Thanksgiving in the United States has been observed on various dates throughout history. The date for Thanksgiving varied from state to state. Thanksgiving was first celebrated on the same date by all states in 1863 by a presidential proclamation of Abraham Lincoln.
President Lincoln proclaimed the date to be the final Thursday in November in an attempt to build American unity between the Northern and Southern states. Due, however, to the Civil War (1861-1865) a nationwide Thanksgiving date was not realized until Reconstruction in the 1870s.
In 1941, President Franklin D. Roosevelt changed Thanksgiving Day from the last Thursday in November to the fourth Thursday.
Thanksgiving, as a national holiday, is indeed a day to “give thanks” for the blessings family, food, and freedom.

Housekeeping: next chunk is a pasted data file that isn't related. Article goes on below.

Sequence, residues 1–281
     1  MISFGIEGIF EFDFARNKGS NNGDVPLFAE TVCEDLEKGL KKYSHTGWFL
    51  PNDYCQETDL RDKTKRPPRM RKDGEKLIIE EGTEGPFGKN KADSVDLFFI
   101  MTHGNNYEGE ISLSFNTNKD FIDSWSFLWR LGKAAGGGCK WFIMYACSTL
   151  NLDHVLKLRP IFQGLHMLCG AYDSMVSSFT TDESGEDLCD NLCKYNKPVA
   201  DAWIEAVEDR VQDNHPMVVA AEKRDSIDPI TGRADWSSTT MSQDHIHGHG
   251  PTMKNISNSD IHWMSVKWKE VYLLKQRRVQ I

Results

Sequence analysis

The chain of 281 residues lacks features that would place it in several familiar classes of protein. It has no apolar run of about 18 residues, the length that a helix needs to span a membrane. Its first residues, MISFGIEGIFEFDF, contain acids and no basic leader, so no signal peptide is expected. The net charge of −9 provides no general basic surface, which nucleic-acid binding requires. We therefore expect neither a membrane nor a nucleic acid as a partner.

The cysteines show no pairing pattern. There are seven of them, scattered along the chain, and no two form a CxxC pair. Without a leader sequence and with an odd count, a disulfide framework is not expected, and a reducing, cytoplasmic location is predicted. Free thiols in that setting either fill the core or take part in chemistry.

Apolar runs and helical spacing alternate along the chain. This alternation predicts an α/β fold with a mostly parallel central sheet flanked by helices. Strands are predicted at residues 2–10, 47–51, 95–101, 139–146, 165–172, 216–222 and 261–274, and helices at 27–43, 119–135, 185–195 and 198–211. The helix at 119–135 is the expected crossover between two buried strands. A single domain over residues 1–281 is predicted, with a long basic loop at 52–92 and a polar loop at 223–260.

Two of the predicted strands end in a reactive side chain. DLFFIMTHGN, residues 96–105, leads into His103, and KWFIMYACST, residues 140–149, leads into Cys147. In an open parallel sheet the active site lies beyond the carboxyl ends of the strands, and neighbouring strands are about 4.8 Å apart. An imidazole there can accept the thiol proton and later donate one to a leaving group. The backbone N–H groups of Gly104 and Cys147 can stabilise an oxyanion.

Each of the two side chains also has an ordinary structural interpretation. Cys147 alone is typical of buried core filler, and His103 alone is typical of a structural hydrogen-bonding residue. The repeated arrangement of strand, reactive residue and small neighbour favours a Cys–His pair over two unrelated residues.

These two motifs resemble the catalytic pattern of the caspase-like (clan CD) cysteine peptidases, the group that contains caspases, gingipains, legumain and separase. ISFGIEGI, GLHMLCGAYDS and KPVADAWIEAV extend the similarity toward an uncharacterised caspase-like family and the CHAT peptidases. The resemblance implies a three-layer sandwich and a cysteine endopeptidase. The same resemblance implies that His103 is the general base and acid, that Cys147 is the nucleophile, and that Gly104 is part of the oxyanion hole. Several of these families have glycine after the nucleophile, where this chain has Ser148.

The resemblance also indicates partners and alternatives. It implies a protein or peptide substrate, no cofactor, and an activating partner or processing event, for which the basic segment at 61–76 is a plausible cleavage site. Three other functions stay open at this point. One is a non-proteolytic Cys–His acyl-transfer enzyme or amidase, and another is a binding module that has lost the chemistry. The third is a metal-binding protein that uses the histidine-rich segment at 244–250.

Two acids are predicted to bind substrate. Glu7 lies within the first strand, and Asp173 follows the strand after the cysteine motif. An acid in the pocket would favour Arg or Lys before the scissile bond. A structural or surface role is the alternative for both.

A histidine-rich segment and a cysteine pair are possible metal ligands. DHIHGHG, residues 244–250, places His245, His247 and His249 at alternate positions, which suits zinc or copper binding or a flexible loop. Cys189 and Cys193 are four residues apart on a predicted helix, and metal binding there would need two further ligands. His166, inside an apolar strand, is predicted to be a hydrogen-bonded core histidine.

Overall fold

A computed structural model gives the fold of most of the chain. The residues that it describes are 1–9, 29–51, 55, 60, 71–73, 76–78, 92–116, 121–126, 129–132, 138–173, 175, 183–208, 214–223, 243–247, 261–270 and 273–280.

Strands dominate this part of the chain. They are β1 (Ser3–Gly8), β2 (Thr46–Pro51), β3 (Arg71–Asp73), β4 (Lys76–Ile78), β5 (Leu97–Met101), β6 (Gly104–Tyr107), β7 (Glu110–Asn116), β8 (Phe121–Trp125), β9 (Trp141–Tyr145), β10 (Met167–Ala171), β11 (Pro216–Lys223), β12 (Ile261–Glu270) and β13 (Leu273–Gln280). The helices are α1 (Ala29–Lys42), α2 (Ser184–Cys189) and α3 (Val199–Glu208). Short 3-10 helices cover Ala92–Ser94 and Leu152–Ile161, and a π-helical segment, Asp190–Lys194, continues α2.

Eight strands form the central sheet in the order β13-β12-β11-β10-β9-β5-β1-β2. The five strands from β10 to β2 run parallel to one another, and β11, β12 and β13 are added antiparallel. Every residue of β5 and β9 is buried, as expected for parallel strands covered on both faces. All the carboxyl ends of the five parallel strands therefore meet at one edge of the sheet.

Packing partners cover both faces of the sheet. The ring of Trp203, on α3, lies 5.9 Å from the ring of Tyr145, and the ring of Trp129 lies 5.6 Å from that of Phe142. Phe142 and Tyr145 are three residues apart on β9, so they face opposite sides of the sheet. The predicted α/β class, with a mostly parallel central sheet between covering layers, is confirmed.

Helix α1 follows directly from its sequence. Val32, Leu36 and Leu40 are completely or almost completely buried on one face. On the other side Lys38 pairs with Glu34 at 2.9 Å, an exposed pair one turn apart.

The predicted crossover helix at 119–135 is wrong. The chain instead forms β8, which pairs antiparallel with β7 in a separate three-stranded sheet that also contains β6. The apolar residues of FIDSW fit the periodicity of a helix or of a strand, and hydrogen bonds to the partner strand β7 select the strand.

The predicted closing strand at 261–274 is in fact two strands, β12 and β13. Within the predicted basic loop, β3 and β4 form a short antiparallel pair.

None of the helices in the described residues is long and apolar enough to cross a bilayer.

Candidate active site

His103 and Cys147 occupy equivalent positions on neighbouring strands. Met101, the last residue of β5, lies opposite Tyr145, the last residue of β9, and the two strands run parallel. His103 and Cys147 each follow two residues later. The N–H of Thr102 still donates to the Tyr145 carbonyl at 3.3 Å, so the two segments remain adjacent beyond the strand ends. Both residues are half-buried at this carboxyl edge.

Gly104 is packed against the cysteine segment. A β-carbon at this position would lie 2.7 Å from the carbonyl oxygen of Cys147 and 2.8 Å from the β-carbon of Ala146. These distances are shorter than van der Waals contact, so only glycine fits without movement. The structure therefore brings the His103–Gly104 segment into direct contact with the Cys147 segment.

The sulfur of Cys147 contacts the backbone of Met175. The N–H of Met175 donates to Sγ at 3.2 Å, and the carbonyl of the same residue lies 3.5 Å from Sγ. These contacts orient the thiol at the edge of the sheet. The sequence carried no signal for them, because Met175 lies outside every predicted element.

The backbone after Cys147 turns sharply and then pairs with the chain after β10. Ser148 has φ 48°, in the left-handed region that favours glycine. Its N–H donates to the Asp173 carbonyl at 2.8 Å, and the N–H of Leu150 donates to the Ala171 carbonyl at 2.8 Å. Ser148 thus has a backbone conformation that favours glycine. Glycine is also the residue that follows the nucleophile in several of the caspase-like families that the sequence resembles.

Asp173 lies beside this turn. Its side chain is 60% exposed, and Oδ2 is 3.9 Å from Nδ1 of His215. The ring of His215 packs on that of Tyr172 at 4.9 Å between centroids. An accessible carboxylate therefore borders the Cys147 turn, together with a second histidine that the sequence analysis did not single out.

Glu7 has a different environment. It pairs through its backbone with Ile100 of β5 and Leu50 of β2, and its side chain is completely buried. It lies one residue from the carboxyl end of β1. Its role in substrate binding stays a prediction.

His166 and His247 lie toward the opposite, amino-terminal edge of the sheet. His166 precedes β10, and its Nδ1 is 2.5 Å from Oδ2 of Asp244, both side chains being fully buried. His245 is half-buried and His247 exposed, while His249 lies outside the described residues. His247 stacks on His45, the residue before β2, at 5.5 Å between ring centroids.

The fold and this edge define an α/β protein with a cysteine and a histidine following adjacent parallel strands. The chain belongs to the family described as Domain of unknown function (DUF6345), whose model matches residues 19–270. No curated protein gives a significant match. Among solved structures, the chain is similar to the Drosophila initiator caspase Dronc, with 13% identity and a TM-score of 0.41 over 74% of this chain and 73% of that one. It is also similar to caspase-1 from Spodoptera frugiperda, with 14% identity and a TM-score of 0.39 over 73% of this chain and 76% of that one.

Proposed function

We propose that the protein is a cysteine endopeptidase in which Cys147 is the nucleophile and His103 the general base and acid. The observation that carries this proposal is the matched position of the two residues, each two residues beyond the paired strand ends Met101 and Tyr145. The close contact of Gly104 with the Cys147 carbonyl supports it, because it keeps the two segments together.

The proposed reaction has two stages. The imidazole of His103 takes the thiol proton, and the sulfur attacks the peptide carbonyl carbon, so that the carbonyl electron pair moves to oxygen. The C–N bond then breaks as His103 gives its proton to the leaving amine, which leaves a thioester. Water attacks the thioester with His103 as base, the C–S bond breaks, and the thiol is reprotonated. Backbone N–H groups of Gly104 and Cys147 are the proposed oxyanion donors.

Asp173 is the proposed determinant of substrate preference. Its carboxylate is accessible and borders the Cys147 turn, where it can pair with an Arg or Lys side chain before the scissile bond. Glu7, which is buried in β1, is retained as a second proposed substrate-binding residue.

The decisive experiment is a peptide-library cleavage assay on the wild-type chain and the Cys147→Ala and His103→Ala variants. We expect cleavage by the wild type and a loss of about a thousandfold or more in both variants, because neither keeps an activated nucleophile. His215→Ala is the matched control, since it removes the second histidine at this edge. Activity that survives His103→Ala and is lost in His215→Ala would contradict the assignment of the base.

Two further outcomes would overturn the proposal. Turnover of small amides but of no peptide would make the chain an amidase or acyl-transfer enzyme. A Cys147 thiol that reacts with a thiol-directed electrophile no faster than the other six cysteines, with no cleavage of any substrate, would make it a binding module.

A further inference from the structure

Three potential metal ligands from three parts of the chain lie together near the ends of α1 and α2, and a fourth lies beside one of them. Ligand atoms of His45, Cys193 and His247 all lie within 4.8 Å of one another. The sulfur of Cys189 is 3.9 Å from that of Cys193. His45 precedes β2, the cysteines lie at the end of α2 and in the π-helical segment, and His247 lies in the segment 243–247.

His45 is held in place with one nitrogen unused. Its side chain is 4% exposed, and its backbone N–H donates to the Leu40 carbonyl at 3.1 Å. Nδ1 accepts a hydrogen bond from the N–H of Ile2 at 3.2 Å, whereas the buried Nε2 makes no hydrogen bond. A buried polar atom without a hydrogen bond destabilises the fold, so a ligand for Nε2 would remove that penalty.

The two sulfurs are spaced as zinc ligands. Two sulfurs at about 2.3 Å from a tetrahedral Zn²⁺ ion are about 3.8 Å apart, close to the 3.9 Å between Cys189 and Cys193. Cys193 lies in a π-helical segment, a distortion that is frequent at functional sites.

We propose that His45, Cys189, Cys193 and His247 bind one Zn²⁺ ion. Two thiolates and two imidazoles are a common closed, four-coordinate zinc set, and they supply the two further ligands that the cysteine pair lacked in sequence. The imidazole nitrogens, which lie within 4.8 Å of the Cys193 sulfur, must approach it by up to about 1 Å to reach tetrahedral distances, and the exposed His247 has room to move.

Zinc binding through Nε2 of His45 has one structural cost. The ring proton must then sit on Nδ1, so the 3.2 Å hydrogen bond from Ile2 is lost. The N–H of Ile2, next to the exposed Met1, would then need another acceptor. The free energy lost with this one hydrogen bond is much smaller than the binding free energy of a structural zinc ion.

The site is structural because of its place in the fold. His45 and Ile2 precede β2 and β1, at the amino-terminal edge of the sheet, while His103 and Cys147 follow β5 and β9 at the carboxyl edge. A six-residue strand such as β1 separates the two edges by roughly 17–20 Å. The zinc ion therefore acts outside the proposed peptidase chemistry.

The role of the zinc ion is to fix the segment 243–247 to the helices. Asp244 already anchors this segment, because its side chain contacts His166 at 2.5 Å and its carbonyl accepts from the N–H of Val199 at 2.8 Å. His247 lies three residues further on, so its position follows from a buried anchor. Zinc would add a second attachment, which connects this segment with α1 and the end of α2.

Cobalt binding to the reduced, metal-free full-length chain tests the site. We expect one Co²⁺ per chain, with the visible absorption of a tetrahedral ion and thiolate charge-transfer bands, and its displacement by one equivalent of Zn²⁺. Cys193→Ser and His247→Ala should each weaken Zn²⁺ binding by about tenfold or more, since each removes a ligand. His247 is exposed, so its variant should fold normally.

Perhaps most importantly, for all of us today, Thanksgiving is day to overlook our festering religious and political polarization, forget our differences, and truly realize that e pluribus unum is not an historic ideal but a contemporary life necessity. Giving thanks is building bridges.
We need a lot of bridges in 2015. Not just in our United States but across the globe. And we are all gifted and called to be bridge-builders.
As we say in the great Christian thanksgiving prayer, the Eucharist, “Let us give thanks to the Lord, our God…..”